I think of it kind of like getting into rock by starting with Robert Johnson or some early blues like that - you'll pick up a lot of cool stuff on the way if you have the patience, but it's entirely possible to listen and enjoy prog rock or whatever else without starting from the beginning and not everyone is going to be fascinated by Robert Johnson.
That said Ascension and Ornette's Free Jazz are particularly challenging starting points because they feature larger ensembles and there's plenty of references to more conventional jazz playing so they feel really chaotic without some knowledge of what happened before - even Brötzmann's Machine Gun would be an easier starting point.
I'd suggest checking out Ornette's The Shape of Jazz to Come and Coltrane's Coltrane and check whether you dig those and work forward from there. If you can't get into them either, then build from the earlier jazz.
If you're a fan of noisy and experimental rock, you can also try contemporary free that has rock influence - it's probably easier to get into for many modern listeners than any of the first generation free/avant-garde jazz desu. Try The Thing for example: https://www.youtube.com/watch?v=glEmT6fKY7E
I would say you only have to look all the graduates from the numerous institutions that teach jazz and see how many play free jazz. Which is proportionally not a huge number when considering new releases and groups.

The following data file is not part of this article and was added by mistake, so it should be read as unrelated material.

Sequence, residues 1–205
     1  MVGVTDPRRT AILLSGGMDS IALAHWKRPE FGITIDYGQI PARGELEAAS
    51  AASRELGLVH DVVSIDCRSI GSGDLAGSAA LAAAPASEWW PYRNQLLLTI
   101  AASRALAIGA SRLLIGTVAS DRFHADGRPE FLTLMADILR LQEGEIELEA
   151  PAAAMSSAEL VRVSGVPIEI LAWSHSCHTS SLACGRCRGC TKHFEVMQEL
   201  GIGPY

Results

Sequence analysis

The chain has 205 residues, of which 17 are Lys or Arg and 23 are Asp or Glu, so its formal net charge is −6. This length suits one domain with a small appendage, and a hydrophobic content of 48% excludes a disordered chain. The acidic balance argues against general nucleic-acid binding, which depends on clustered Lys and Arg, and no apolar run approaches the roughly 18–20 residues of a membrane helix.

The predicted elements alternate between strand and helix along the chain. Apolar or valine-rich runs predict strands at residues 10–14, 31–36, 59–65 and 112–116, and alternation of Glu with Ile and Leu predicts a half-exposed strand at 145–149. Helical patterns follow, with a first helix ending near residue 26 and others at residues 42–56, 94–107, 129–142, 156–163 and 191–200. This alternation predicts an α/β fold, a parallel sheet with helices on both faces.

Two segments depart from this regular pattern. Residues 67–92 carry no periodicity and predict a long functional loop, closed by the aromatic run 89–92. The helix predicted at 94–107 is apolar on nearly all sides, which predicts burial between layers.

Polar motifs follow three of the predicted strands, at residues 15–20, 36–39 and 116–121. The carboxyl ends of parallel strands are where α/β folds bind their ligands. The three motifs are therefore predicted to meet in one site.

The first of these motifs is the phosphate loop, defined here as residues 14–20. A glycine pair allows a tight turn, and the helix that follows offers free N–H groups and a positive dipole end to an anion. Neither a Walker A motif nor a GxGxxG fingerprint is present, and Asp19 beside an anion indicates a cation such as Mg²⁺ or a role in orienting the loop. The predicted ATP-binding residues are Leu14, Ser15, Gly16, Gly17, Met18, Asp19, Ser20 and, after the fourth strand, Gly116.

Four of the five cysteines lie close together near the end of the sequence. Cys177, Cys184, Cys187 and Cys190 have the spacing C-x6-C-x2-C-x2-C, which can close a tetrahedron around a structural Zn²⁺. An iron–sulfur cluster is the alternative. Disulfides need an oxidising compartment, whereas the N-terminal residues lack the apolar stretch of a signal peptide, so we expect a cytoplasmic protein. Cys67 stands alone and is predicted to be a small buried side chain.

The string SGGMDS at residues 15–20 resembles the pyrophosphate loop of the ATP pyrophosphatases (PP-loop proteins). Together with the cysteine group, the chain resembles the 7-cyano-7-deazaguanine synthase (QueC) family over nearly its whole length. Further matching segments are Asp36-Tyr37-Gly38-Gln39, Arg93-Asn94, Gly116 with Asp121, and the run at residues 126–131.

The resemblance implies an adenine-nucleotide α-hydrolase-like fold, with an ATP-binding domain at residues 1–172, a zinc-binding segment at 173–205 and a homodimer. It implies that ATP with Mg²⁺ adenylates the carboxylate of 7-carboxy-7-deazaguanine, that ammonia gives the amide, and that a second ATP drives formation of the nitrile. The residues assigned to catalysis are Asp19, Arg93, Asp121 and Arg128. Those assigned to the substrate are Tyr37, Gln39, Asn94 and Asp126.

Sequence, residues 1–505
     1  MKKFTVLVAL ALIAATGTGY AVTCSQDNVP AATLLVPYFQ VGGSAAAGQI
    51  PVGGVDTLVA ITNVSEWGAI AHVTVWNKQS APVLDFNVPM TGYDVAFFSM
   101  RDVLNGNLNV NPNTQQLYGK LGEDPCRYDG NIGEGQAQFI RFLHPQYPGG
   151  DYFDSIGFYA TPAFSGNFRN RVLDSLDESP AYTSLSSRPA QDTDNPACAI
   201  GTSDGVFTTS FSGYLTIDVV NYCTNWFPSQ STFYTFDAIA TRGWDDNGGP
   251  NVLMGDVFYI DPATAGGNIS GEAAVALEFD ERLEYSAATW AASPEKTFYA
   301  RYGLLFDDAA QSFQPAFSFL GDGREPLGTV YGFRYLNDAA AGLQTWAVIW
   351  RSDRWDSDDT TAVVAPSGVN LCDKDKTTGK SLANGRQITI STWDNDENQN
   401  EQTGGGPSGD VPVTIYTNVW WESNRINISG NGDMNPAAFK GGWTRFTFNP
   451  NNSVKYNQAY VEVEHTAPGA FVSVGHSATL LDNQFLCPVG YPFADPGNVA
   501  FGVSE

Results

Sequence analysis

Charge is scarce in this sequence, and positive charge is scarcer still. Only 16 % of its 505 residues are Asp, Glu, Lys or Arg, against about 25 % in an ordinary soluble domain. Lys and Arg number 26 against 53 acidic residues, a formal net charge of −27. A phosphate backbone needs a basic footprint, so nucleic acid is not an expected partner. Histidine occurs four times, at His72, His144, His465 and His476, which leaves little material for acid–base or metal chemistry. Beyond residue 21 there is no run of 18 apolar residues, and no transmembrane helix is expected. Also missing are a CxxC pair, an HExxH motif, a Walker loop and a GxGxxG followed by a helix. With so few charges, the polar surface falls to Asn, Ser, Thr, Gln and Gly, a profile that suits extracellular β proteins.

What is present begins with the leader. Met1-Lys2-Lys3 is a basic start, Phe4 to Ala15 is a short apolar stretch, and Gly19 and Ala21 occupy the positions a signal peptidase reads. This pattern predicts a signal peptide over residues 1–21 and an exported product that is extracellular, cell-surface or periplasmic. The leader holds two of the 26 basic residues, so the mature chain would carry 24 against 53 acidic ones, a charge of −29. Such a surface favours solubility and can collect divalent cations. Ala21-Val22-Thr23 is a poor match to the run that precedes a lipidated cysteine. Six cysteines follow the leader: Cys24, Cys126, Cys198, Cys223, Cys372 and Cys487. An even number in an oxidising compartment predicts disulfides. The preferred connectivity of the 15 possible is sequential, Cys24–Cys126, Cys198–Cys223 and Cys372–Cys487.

>>62064805 does, however, seem to miss the mark imo. The poster seems to imply that students of jazz belittle or disregard free jazz, which is not the case at all. Practically all professional jazz players I have met (not many I admit) + interviews I have seen and read seem to imply the opposite: free jazz is generally found to be both enjoyable and intellectually stimulating. Why most new players don't play free jazz is not a question of choosing the most complex form of music to pursue one's artistic interests (I mean, you can just as easily point out that most graduates tend not to play bebop or modal jazz either, instead favouring various funk-pop-rock-fusion -type contexts, or just contemporary, which is not either modal or bop even if it often draws from both of them), it is purely a matter of personal taste by the artist. Most people do not have a musical background with a lot of free jazz in it so intuitively I would say it isn't a big surprise to find out that most people choose not to play it.
Well, this is not really addressing the original issue (professional jazzers and free jazz) any more, and I really do not have the time nor, if I am completely honest, the skills to provide proper critique of a random free jazz piece, but here is one that I often find very enjoyable: https://www.youtube.com/watch?v=NqoBUuA8g1o